This case study focuses on where financial theory ends and practical application of the weighted average cost of capital (WACC) begins. It presents evidence on how some of the most financially complex companies and financial advisors estimated capital costs and focuses on the gaps found between theory and application. The approach taken in the paper differed from their predecessors in several various respects. Prior published information was solely based on written, closed-end surveys sent to a large number of firms, without a focused topic. The study set out to see if financial theory, specifically cost-of-capital, is truly ubiquitous in true business applications.
The Weighted Average Cost of Capital (WACC)
Companies that are looking to develop new products, expand factories and install new information technologies must estimate the total investment required to fund these projects. In addition, they also need to decide whether the expected rate of return exceeds the cost of the capital. As a result, accurately measuring the cost of capital is a critical element in many business decisions.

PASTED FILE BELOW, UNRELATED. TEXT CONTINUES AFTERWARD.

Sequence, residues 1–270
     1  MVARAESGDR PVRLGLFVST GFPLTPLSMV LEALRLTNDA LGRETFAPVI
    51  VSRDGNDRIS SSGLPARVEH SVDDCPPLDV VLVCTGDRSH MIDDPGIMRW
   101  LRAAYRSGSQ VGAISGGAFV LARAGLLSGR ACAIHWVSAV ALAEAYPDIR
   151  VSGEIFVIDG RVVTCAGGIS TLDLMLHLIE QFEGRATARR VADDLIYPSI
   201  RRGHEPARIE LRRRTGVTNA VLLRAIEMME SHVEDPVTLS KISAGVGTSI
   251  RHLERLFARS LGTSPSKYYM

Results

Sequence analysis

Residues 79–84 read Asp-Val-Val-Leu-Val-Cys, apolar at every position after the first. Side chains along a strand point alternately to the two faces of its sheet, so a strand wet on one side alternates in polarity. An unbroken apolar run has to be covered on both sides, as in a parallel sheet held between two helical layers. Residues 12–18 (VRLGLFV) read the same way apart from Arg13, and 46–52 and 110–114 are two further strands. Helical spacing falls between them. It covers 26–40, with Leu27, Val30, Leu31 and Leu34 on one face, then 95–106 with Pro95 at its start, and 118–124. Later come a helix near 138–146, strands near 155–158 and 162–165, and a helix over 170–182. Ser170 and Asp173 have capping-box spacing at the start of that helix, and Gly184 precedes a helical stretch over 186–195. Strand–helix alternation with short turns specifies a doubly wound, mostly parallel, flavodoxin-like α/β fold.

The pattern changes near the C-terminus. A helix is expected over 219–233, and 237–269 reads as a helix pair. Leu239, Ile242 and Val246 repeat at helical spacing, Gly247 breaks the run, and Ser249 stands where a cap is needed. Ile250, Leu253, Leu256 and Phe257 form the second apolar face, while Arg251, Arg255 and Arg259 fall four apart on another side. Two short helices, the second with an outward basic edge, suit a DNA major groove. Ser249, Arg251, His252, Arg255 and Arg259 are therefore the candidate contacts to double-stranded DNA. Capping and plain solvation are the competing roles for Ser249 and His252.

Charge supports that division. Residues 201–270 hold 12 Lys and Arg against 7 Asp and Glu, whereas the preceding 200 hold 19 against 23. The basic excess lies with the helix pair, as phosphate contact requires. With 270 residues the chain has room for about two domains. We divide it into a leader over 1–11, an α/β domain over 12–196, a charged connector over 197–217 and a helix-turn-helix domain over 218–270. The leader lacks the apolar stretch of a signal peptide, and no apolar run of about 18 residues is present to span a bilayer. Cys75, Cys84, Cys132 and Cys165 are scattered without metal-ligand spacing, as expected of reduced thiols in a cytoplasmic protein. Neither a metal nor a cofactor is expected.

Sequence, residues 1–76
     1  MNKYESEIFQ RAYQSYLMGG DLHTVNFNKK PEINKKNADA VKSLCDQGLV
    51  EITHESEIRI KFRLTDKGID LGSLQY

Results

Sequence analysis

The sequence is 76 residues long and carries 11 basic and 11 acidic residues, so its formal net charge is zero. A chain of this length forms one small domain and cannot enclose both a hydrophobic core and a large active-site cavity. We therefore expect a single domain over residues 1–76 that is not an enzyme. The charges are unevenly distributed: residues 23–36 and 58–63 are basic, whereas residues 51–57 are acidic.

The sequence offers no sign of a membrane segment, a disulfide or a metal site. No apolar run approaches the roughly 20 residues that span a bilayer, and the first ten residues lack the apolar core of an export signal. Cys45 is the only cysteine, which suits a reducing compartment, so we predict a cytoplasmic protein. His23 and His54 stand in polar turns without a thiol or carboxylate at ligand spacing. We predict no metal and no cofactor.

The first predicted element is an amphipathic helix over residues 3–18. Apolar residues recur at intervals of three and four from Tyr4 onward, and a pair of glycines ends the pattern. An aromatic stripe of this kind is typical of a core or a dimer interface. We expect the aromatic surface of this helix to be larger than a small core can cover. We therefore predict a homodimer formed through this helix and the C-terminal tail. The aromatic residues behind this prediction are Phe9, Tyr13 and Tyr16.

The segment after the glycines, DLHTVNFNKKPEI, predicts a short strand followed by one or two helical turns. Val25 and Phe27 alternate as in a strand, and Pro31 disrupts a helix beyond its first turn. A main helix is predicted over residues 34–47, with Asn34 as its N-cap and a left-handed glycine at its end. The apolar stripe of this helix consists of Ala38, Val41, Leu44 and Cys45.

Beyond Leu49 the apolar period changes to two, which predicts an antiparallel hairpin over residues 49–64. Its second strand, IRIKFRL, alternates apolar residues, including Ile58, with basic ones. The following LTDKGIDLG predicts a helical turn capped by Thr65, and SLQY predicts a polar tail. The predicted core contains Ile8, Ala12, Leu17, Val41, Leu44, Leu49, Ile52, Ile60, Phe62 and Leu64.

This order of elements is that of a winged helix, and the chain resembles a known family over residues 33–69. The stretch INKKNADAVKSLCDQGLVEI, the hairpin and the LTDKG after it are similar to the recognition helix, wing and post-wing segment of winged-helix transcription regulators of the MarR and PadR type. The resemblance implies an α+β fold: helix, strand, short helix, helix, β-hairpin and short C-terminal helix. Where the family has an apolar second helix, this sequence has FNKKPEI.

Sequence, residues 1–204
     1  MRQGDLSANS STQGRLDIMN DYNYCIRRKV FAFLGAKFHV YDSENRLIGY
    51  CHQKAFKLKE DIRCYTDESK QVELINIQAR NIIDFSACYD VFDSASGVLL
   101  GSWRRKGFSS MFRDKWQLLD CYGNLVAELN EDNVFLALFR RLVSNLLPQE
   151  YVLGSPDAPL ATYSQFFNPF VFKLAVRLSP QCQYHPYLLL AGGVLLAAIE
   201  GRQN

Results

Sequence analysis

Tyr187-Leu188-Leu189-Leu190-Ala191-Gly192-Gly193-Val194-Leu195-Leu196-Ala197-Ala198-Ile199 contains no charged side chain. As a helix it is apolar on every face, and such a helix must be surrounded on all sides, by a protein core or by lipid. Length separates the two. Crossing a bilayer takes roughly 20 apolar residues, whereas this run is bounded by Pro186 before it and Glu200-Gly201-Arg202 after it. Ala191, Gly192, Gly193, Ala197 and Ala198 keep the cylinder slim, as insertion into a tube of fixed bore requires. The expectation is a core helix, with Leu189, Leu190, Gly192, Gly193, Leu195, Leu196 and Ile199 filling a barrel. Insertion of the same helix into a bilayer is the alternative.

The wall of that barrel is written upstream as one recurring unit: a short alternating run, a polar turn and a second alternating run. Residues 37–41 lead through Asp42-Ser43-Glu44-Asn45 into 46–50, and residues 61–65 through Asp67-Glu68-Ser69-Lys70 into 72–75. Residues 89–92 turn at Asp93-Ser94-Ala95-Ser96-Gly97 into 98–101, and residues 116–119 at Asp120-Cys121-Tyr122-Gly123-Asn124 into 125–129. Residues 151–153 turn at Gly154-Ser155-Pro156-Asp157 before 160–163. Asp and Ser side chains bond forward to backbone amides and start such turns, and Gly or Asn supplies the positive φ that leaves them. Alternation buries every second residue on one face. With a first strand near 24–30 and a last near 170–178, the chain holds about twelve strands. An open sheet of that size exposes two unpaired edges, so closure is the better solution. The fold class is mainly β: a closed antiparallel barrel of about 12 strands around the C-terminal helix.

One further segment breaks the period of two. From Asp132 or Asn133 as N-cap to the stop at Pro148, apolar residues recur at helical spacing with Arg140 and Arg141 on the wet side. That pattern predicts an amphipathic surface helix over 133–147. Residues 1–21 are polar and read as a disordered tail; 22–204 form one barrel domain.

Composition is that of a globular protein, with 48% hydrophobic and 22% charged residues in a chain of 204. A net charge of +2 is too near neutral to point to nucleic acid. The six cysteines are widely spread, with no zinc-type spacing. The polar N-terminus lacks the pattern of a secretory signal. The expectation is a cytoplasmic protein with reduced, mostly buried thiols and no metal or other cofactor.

Companies often have various types of capital that include differences in risk, and required rates of return. A standard means of expressing the cost of this capital is through a weighted average of the costs used for individual sources of capital, and this is typically referred to as the weighted average cost of capital (WACC). There are three components to WACC: debt, preferred stock and common equity. The formula used to determine the value for WACC is outlined below:
= (% of debt) * (after tax cost of debt)
+ (% of preferred stock) * (cost of preferred stock)
+ (% of common equity) * (cost of common equity)
= wdrd(1-T) + wpsrps + wsrs
Although the equation for WACC is comprised of three components, this case study primarily focuses on the Capital Asset Pricing Model (CAPM) for estimating the cost of equity. The reasoning behind...
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